21 June 2010TU-Chemnitz21 How do we get hysteresis? H I0I0 Easy Axis

22 June 2010TU-Chemnitz22 SW Fig. 1 – important notation One can prove (SW outline the proof in Sec. 5(ii)) that for ellipsoids of revolution H, I 0, and the easy axis all lie in a plane.

23 June 2010TU-Chemnitz23 No hysteresis for oblate case Easy Axis 360 o degenerate H I0I0

24 June 2010TU-Chemnitz24 Mathematical Starting Point - again  Applied field energy  Anisotropy energy  Total energy (later, drop constants)

25 June 2010TU-Chemnitz25 Dimensionless variables Total energy: normalize to and drop constant term. Dimensionless energy is then

26 June 2010TU-Chemnitz26 Energy surface for fixed θ θ = 10 o

27 June 2010TU-Chemnitz27 Stationary points (max & min) θ = 10 o

28 June 2010TU-Chemnitz28 SW Fig. 2

29 June 2010TU-Chemnitz29 SW Fig. 3

30 June 2010TU-Chemnitz30 Examples in Maple (This would be easy to do with Mathematica, also.) []

31 June 2010TU-Chemnitz31 Calculating the Hysteresis Loop

32 June 2010TU-Chemnitz32 from Blundell

33 June 2010TU-Chemnitz33 SW Fig. 6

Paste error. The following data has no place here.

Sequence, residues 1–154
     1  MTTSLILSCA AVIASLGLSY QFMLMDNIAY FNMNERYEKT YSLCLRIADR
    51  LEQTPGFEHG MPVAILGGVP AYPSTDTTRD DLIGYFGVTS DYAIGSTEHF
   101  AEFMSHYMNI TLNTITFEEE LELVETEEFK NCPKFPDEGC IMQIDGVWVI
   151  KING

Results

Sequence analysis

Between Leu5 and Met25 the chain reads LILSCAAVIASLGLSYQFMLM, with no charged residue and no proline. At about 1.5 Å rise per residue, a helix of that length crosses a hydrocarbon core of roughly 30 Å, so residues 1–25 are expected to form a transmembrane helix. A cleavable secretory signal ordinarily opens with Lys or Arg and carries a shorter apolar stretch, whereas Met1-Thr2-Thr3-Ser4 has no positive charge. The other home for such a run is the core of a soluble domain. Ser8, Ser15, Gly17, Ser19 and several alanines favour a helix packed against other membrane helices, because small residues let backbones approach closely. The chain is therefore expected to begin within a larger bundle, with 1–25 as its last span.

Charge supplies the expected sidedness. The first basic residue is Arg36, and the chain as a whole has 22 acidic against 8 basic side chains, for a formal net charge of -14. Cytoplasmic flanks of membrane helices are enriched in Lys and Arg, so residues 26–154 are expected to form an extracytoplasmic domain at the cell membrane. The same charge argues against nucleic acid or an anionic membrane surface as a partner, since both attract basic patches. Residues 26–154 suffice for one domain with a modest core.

34 June 2010TU-Chemnitz34 Examples in Maple []

35 June 2010TU-Chemnitz35 H sw and H c

36 June 2010TU-Chemnitz36 from Blundell Hysteresis Loops: 0-45 o and 45-90 o – symmetries

37 June 2010TU-Chemnitz37 Hysteresis loop for θ = 90 o from Jiles

38 June 2010TU-Chemnitz38 Hysteresis loop for θ = 0 o from Jiles

39 June 2010TU-Chemnitz39 Hysteresis loop for θ = 45 o from Jiles

40 June 2010TU-Chemnitz40 Average over Orientations

41 June 2010TU-Chemnitz41 SW Fig. 7

42 Part 2 1.Conditions for large coercivity 2.Applied field 3.Various forms of magnetic anisotropy 4.Conditions for single-domain ellipsoidal particles June 2010TU-Chemnitz42

43 June 2010TU-Chemnitz43 Demagnetization Coefficients: large H c possible SW Fig. 8 m=a/b I 0 ~10 3

44 June 2010TU-Chemnitz44 Applied Field, H  Important! This is the total field experienced by an individual particle. It must include the field due to the magnetizations of all the other particles around the one we calculate!

45 June 2010TU-Chemnitz45 Magnetic Anisotropy  Regardless of the origin of the anisotropy energy, the basic physics is approximately the same as we have calculated for prolate spheroids.  This is explicitly true for Shape anisotropy Magnetocrystalline anisotropy (uniaxial) Strain anisotropy

46 June 2010TU-Chemnitz46 Demagnetizing Field Energy  Energetics of magnetic media are very subtle. is the “demagnetizing field” from Blundell